Where did yoga come from?
Yoga first originated around 5,000 years ago in the Indus Valley Civilisation, located around northern India. The word ‘yoga’ comes from the Sanskrit word ‘yuj’, meaning ‘to unite’, and is based in very sacred ancient texts.
Yoga has evolved throughout this 5,000 year period, but its core focus has always been the importance of one’s physical body to promote wellness and enlightenment.
Today, yoga isn’t just a religious practice. Despite coming from deeply religious roots in south Asia, yoga is only getting more and more popular in the west, and it’s easy to see why when there are so many benefits!
Yoga increases your flexibility
You may have seen some yoga poses before and thought, ‘there’s no way I’m flexible enough to do that!’, but that might not necessarily be true. There are varying intensity levels to yoga. Even the lowest intensity positions have been proven to increase flexibility, based on research in subjects who performed only one 90 minute session of yoga per week over six weeks. This only makes yoga even more beneficial, as you do not have to dedicate a substantial amount of time to it in order to notice results.
So, with regular sessions (even if it’s only once a week), you can be sure that yoga will make a difference to your flexibility, even if you’re a complete beginner.
Yoga improves your mental health
Yoga is often associated with meditation and mindfulness practices; however, you might be surprised to know that there is scientifically backed evidence to prove that yoga does have a positive effect on your mental health.
In a study conducted in 2017, a group of people who had been diagnosed with Major Depressive Disorder (MDD) carried out regular movement-based yoga and breathing exercises over a 12-week period. Within this timeframe, depressive symptoms decreased in the participants to such an extent that yoga and breathing exercises are now considered an effective alternative treatment to depressive disorders.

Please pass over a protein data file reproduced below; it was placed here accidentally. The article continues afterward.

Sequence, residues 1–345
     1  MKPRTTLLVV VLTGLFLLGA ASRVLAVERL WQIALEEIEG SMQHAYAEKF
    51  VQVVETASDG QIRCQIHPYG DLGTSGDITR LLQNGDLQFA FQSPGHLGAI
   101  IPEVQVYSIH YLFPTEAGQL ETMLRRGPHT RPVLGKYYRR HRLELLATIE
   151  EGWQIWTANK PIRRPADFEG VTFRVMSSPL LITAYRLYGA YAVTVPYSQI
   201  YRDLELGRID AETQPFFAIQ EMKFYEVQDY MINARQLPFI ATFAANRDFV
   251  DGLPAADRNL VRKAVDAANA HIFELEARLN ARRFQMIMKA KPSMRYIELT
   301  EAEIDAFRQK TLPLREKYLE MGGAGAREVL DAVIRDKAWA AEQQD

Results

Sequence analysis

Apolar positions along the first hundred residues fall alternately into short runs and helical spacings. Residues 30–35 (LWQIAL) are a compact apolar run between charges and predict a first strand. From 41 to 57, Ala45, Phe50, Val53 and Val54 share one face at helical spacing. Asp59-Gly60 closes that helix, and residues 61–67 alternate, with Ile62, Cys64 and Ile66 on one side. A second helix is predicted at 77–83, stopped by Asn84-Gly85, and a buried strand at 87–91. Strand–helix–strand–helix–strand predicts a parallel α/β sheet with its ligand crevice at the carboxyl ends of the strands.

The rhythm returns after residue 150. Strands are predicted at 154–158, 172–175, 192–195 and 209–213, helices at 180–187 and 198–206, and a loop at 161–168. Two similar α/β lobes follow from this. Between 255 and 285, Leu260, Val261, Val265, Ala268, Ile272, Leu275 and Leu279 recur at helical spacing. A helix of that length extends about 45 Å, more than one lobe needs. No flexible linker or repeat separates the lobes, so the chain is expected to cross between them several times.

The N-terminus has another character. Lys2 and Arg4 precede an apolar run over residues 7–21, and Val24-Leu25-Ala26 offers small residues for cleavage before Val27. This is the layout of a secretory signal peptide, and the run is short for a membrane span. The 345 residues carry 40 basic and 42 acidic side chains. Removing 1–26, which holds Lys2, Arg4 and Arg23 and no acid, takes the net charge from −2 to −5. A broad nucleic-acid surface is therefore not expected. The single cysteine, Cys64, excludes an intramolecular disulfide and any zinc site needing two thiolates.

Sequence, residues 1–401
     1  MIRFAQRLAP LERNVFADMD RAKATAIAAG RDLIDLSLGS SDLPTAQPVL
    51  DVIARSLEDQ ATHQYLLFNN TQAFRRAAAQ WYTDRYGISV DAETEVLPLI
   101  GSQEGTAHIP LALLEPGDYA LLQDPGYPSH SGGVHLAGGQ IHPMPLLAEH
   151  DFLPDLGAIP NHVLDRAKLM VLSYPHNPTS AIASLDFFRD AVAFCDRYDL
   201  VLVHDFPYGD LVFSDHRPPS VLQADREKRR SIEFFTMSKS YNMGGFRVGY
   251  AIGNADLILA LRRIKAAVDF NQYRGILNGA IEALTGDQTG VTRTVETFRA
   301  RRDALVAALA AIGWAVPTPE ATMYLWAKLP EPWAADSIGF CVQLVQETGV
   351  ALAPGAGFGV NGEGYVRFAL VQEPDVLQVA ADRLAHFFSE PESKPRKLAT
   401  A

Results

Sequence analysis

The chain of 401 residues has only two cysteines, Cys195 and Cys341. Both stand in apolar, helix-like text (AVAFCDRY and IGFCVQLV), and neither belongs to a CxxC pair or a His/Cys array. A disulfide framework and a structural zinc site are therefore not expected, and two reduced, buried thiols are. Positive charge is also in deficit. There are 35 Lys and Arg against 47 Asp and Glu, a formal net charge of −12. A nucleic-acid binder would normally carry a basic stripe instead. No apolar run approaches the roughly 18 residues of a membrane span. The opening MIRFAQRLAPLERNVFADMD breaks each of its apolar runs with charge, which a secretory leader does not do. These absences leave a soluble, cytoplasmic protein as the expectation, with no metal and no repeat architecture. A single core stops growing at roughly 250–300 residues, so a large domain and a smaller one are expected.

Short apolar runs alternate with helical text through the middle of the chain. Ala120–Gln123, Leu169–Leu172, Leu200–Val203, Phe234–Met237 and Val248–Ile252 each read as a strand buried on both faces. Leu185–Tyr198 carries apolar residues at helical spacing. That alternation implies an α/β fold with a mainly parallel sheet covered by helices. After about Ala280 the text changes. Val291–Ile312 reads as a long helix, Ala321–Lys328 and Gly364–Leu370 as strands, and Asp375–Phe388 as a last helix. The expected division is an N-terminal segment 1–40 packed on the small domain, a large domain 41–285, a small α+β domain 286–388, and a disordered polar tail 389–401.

So, not only does yoga improve your physical health, but it can also be a great way to keep control of your mental health!
Yoga will boost your immunity
As well as mitigating symptoms of depressive disorders (including anxiety and stress), there is also evidence to suggest that yoga can really boost your immunity. Poor stress levels are known to affect your immune system negatively, so it stands to reason that, as yoga improves stress levels, it could have a positive effect on your immunity too.
However, yoga also helps to boost your immunity by improving your respiratory system and blood circulation. Optimal respiratory health and circulatory system are also significant factors in the strength of your immunity, meaning that practising yoga is a great all-around activity to not only improve your health but your protection against illness too.
So, when are you going to add yoga to your routine?
There are so many more benefits to yoga than what we’ve mentioned here, and the research is still fairly recent. However, it is clear that this age-old practice and its variations all have an overwhelmingly positive effect on your body and mind (no wonder it’s stuck around for 5,000 years!).
Yoga is also easy to practice regardless of your age, flexibility or fitness level. There are so many different types of yoga exercises to suit any ability level, so it really is a fantastic way to give your body some TLC.
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